When my husband died, our wedding anniversary was forever changed. The looked-forward-to date that used to celebrate the joining of our two lives became a date I dreaded. It was another sharp reminder that the man I’d shared my life with would no longer be part of our future plans, that the father of my children — the only person who knew and loved them as much (and as well) as I did — was gone.
Wedding anniversaries have been on my mind a lot lately. One of my daughters recently married — a joyous occasion!– and my own 30th anniversary is approaching.
So when Shellie posted this comment (see Anniversary after Death) …
My father-in-law passed away March 31 and this June would have been my in-laws 50th wedding anniversary. I want to acknowledge the day, but I am unsure what would bring my mother-in-law any peace or happiness on this difficult day (I feel I should have some kind of idea since my husband and I have lost two children but a wedding anniversary is completely different, and I am at a loss), any advice would be greatly appreciated.
… I had to give more than a brief reply.
Shellie, I hope you’ll forgive my turning your request into a public post. (Everyone else, I hope you’ll forgive me for addressing the rest of this post directly to her.)
I’m sorry for the loss of your father-in-law. I remember how it felt to me (and still feels) after my father-in-law passed, but I can only begin to imagine how much harder it must be for you while also feeling for your husband in his grief. (My late husband passed before his father.) And I’m deeply sorry to learn that two of your children have died. That’s a degree of loss I cannot fathom.
But I can speak as a widow. Thank you for already looking for ways to reach out to your mother-in-law as her anniversary approaches. You are right that “a wedding anniversary is completely different,” but loss is loss.
Chances are, the kinds of things your friends and family say or do that have brought you peace after your children’s deaths (as much semblance of peace as is possible) are the same kinds of things your mother-in-law needs from you.
Keep in mind, though, that whereas you and your husband share the devastating loss of your two children, your mother-in-law now shares her wedding anniversary with no one.
It’s possible the days leading up to the date may be as difficult for her as the day itself. With her loss so recent, “peace or happiness” may or may not be yet within her ability to appreciate while shock is still ever-present.
You’ve already expressed your desire to acknowledge the day, and that’s one of the best things you can do. Let her know ahead that you’re aware the anniversary is coming. Let her know you realize it will be a difficult, emotional day. If you live near enough to be with her in person, be there. Regardless of your distance or proximity, send her a card or handwritten note that will arrive on (or before) the anniversary. (“Thinking of you on your anniversary” is a better greeting choice than “Happy anniversary.”)
Above all, listen to her.
If she says she needs space or solitude, respect whatever boundaries she expresses, but keep communication open. (So far, solitude is what I’ve most wanted on my widowed anniversaries, but not everyone feels as I do.) If your mother-in-law says she wants to spend the day by herself, be sure you call to let her know you’re still available if she changes her mind.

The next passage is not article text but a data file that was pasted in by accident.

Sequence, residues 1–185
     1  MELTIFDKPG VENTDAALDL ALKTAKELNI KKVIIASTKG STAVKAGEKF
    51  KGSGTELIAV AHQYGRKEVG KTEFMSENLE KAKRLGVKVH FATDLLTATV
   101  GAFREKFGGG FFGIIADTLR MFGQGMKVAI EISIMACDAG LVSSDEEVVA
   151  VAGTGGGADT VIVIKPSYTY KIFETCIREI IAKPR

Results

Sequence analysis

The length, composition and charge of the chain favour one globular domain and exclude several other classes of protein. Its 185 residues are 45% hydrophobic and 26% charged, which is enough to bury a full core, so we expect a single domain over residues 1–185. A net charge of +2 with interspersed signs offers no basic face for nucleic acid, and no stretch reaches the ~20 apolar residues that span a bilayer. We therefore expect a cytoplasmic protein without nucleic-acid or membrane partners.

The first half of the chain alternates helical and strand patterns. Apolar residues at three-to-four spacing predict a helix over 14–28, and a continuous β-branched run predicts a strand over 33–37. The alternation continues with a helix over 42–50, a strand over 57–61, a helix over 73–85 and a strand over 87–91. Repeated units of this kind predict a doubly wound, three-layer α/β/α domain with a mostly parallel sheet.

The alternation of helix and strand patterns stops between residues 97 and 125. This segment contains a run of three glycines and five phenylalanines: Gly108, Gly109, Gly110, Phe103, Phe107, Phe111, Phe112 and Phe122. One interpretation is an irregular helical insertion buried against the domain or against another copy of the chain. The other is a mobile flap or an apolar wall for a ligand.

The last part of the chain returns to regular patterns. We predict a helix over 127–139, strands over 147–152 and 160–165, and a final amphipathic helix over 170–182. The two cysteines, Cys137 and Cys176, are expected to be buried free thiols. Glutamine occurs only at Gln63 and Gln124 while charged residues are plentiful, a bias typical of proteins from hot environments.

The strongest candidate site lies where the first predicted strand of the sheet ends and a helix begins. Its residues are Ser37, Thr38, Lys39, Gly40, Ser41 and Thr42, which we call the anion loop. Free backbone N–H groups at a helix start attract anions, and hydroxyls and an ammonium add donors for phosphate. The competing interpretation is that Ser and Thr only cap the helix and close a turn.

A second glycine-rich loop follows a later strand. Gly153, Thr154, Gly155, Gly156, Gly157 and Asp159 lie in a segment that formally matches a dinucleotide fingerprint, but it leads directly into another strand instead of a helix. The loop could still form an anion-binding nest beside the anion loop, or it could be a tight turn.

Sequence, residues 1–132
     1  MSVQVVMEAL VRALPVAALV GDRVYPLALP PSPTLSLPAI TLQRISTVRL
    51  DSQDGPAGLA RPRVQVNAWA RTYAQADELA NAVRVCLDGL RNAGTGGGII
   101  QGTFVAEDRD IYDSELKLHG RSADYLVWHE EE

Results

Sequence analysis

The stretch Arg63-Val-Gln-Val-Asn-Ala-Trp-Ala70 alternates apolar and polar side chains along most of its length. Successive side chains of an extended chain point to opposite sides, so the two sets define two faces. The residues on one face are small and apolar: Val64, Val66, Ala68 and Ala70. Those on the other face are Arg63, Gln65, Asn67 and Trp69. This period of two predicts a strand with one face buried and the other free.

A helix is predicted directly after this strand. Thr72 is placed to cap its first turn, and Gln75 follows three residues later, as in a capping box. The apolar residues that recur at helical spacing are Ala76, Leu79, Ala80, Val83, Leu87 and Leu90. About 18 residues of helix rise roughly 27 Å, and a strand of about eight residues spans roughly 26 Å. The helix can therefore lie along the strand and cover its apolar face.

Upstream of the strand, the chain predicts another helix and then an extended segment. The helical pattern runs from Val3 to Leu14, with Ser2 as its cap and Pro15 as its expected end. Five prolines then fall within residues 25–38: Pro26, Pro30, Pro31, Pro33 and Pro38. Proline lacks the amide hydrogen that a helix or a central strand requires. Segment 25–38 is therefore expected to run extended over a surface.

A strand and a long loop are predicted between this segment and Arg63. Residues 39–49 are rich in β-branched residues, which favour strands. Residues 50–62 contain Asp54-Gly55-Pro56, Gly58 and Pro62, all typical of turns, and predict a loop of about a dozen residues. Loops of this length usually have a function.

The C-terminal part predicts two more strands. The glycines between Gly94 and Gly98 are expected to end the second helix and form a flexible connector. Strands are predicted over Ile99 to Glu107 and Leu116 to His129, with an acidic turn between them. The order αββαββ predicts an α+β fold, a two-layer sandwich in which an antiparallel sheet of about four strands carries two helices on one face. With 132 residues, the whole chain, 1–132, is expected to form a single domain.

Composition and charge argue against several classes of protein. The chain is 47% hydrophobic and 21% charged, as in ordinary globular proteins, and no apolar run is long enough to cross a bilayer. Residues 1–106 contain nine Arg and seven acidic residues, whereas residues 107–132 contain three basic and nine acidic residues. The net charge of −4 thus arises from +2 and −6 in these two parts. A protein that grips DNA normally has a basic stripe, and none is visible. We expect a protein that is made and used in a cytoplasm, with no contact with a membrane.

Ask if she has ways she’d like to remember or reminisce on that day — IF she wants to discuss them. For some newly widowed, sharing memories is a comforting, healing process. For others, it’s too painful for a while. Again, listen to what she says.
Your mother-in-law might be too overwhelmed by grief to initiate suggestions, so consider offering ideas. Suggest a favorite (or new) restaurant with a friend, a quiet dinner with family, an afternoon involved in a favorite hobby, looking through old photo albums, reminiscing … The options will vary based on what you know of her and her late husband.
Some widows and widowers spend their anniversaries doing service activities in their late spouses’ memories or visiting places they once enjoyed together for old times’ sakes. I know others who spend their wedding anniversaries trying something new, just for themselves.
If your mother- and father-in-law made plans for how they would commemorate their golden anniversary, find out whether she wants to fulfill them (in whole or in part). Doing so might give her a sense of carrying his memory forward with her — or it may be too painful without him. (Again, listening to her is essential.)
Unless she requests it, a party is probably not something she will be up to this soon after his death. (I had difficulty mingling in public for most of the first year after my husband died — and at times it is still hard five and a half years later.) Avoid surprise parties. Emotions are too on the surface. Of the thousands of widows and widowers I’ve networked with, I have yet to hear of any appreciating surprise parties of any kind.
I hope this gives you some ideas of how to help your mother-in-law through her 50th anniversary, Shellie, but you were already on the right track before you posted your comment. You already knew she needs acknowledgment that she and her husband spent half a century together.
And that’s a beautiful thing.